Title IX of the 1972 Education Amendments prohibits sexual discrimination in American education centers and universities. Title IX also applies to sexual assault and sexual harassment cases that take place in American schools and universities. Students should know their rights and schools’ obligations under Title IX, and they should also know what to do after a sexual assault or incident of sexual discrimination or harassment on a college campus.
How Common is Sexual Assault on College Campuses?
Women ages 18 to 24 in college are three times more likely to experience a sexual assault than other women, according to findings from the Rape, Abuse & Incest National Network (RAINN), Women not attending college in the same age range are statistically four times as likely to encounter such a situation. RAINN reports that about 23% of females and 5% of males experience some form of sexual abuse during their undergraduate education. Male students are 78% more likely than male non-students to experience a rape or sexual assault.
Unfortunately, statistics indicate that only about 20% of sexual assaults lead to police reports. There are many reasons behind this, such as victims preferring privacy or a belief that police won’t take their complaints seriously. It is important for victims to report sexual assault and harassment when it occurs, but third parties may also report these incidents.
How to Report a Sexual Assault
A student who has experienced a sexual assault or other Title IX violation should report it to his or her school immediately. Schools have an obligation to investigate and address all complaints of Title IX violations and must take action to address the effects of such an event. Every school should have a Title IX coordinator to manage these claims, and the U.S. Department of Education’s Office for Civil Rights investigates Title IX violations. It’s important to remember whether or not you report the incident to the police is irrelevant when it comes to your school’s obligations under Title IX; however, reporting the incident to the police and having a record on file can help your situation if you decide to take legal action later.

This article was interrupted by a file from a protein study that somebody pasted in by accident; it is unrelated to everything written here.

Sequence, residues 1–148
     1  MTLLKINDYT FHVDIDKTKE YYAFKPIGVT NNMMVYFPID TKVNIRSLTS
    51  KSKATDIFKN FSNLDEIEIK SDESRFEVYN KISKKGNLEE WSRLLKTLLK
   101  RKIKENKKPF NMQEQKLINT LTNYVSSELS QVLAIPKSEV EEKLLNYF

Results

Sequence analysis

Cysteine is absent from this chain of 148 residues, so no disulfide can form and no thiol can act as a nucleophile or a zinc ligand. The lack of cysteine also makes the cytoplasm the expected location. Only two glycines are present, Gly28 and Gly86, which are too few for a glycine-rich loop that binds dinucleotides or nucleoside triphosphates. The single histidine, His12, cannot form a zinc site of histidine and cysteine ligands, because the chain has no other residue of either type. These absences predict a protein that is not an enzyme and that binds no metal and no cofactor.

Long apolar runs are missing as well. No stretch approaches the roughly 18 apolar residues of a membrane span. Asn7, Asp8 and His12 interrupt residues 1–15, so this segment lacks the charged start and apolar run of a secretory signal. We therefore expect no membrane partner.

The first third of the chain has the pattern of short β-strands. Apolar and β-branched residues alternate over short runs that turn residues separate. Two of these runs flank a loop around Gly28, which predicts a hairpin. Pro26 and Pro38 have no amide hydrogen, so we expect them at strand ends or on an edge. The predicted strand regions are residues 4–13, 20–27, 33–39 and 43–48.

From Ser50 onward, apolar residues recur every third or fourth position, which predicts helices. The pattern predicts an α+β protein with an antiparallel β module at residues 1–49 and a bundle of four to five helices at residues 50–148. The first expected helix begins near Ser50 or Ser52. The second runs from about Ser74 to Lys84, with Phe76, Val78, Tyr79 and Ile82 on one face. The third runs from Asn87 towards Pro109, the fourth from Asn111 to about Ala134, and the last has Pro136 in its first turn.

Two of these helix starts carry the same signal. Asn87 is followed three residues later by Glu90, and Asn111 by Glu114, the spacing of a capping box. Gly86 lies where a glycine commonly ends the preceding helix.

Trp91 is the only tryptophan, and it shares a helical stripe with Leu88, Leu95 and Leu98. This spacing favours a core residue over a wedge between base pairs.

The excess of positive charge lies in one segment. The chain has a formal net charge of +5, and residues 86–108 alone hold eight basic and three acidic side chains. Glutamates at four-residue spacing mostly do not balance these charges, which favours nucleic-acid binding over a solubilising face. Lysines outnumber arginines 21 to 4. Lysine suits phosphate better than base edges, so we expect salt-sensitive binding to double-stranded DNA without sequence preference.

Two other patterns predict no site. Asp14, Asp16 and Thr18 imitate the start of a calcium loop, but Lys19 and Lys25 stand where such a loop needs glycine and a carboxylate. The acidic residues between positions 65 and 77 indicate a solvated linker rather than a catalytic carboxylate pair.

If you witness a sexual assault, an act of sexual discrimination, or sexual harassment, you do not need to be the victim to report these Title IX violations. If you believe your school has failed in its obligations under Title IX, you should report this to the U.S. Department of Education’s Office for Civil Rights as well.
Title IX requires American schools to have policies and procedures for handling sexual assault reports. This could include altering a victim’s class schedule or dorm assignment to prevent run-ins with an alleged abuser. It is ultimately a personal choice whether or not a victim reports a sexual assault or similar crime to the police, but the victim’s Title IX protections stand regardless.
New Title IX Regulations Coming
Over the past several years, some cases have shown abuses of the Title IX system. Since Title IX does not require a police investigation or legal case to take action on a report of sexual assault, there have been cases of universities taking disciplinary action against alleged sexual abusers without due process, and some of the accused have faced punishment for offenses they did not commit. New Title IX regulations would protect the rights of accused individuals to ensure they receive due process before colleges administer punishments. These new regulations also clearly outline reportable offenses and schools’ requirements for handling such offenses.
If you witness any type of sexual assault on your college campus, you should report the incident immediately to the school’s Title IX office and consider filing a report with the police as well. American schools have an obligation to investigate such claims in a timely and efficient manner, and the new regulations also encourage universities to act more quickly and decisively with Title IX-related investigations. Victims of sexual abuse are encouraged to contact the experienced sexual assault attorneys at Estey & Bomberger, LLP about your case today. For a free, private consultation, call (800) 925-0723!